Good Reads: America's Palestinian veto, war with China, and meet the Haqqanis
When the UN Security Council votes on Palestinian statehood, will the US have some backing for its expected veto? And how much longer can the US put off the unthinkable: a war with China?
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After all of last week’s hoopla, the flag waving and cheering in Ramallah, and the warnings of dire consequences from Tel Aviv, it is now time to study the details and the implications of the Palestinian Authority’s proposal for United Nations recognition as a nation state.
In New York, the Monitor’s Howard LaFranchi looks closely at the 15 members of the UN Security Council and shows that Palestinian Authority leader Mahmoud Abbas’s speech on Friday may not have won over as many supporters as he needs.
Of the five permanent members, only the US is likely to use its veto against the proposal, but others, such as France and China might prefer a middle solution, such as nonvoting membership status, similar to that enjoyed by the Vatican.
Riyad Mansour, a Palestinian representative of the UN, put a brave face on the situation: “This is an exercise in which there will be tremendous pressure on members of the Security Council, but we trust in our friends."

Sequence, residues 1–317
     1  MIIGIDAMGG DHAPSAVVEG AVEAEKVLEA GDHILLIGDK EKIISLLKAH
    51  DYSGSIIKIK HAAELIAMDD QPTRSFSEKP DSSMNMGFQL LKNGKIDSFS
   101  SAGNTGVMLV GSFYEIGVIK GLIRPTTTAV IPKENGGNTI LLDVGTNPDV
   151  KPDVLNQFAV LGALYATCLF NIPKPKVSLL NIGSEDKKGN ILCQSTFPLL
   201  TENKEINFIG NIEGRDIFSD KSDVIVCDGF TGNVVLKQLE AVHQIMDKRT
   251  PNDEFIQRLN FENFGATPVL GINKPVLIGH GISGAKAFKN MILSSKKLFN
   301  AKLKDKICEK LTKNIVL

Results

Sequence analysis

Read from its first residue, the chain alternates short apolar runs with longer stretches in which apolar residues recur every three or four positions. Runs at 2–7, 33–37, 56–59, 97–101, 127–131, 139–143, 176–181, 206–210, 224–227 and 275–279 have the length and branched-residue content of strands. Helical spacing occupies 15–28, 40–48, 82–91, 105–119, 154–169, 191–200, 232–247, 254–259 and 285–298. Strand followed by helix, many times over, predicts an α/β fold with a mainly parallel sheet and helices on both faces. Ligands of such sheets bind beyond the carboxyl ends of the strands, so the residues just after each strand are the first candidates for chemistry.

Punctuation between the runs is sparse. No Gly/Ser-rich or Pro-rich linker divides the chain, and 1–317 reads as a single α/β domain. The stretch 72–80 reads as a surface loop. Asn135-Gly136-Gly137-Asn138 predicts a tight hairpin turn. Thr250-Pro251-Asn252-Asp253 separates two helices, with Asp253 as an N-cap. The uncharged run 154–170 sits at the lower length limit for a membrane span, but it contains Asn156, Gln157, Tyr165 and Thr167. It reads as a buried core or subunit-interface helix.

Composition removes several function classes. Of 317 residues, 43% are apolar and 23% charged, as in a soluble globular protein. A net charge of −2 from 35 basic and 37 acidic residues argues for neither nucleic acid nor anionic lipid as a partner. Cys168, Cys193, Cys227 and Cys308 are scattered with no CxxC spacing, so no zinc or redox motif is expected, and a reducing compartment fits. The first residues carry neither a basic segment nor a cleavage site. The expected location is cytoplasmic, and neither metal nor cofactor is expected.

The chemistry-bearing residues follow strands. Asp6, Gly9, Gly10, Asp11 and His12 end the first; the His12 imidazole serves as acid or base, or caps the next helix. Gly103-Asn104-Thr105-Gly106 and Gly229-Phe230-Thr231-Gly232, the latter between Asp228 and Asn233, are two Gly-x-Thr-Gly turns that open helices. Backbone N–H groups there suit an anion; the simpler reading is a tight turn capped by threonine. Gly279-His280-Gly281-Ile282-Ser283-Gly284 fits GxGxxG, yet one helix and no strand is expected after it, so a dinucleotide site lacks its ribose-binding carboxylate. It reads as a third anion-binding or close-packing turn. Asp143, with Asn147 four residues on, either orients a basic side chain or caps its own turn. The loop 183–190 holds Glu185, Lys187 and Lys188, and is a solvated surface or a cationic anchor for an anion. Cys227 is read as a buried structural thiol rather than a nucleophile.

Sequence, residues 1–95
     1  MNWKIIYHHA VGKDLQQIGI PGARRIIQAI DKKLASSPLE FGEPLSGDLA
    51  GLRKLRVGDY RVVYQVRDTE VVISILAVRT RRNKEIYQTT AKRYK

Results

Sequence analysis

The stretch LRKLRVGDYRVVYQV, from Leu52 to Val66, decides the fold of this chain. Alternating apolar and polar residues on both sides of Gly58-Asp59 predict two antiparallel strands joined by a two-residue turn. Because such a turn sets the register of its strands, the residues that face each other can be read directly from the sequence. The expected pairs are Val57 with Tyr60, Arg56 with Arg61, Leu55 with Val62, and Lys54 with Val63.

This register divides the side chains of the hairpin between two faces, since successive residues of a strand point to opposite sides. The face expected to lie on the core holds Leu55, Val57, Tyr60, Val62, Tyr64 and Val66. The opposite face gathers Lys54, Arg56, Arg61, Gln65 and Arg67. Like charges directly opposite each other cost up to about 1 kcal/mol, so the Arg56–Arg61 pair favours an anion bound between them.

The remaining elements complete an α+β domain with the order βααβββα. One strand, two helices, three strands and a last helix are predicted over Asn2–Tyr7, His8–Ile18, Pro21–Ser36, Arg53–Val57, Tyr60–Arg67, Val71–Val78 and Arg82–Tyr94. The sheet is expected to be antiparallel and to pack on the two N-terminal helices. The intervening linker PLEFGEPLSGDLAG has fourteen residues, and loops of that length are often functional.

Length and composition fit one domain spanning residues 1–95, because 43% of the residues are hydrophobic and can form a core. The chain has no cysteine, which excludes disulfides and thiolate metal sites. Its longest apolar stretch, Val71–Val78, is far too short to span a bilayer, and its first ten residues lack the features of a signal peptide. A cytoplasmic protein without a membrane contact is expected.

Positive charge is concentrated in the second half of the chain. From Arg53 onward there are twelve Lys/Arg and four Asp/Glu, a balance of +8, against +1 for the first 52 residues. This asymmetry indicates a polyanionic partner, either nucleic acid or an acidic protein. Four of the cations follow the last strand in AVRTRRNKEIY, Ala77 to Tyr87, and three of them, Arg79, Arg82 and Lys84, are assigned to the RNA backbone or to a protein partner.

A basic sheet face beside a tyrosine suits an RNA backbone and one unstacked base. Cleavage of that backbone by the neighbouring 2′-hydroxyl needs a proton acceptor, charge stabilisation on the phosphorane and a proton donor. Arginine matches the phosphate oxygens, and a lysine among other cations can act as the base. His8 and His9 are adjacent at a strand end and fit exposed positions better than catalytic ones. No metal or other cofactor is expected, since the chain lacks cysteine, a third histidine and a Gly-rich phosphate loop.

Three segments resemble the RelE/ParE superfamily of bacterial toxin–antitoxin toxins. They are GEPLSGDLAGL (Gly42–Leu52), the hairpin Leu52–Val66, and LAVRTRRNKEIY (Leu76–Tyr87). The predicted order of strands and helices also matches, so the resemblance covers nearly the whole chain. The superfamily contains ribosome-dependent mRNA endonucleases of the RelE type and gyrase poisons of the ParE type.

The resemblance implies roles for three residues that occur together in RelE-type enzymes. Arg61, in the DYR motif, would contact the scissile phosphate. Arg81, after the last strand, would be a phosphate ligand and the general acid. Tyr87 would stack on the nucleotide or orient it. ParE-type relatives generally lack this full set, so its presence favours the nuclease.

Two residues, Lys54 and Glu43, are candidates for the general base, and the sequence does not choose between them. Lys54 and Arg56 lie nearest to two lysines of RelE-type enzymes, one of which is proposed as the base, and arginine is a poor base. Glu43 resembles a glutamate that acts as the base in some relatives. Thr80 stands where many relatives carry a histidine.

Speaking of 'friends'
In some foreign policy circles these days, China is portrayed as the Americans’ bête noire. Western officials often see China as a spoiler, particularly with its willingness to do business as usual with dictators and human-rights abusers. Meanwhile, complicating ties, is the fact that developing countries are increasingly looking to China as a model for rapid development, and as a defender of their rights against what they see as an overly intrusive West.
But could China and the US actually go to war?
In Foreign Policy magazine, Robert Haddick reviews a new book that contemplates just that; encouraging the US to broach a subject that has been largely off the tables in Washington. The book, “A Contest for Supremacy: China, America, and the Struggle for Mastery in Asia,” by Aaron Friedberg, focuses on the security challenges that China presents, and how China is able to simultaneously spar against and trade with the US.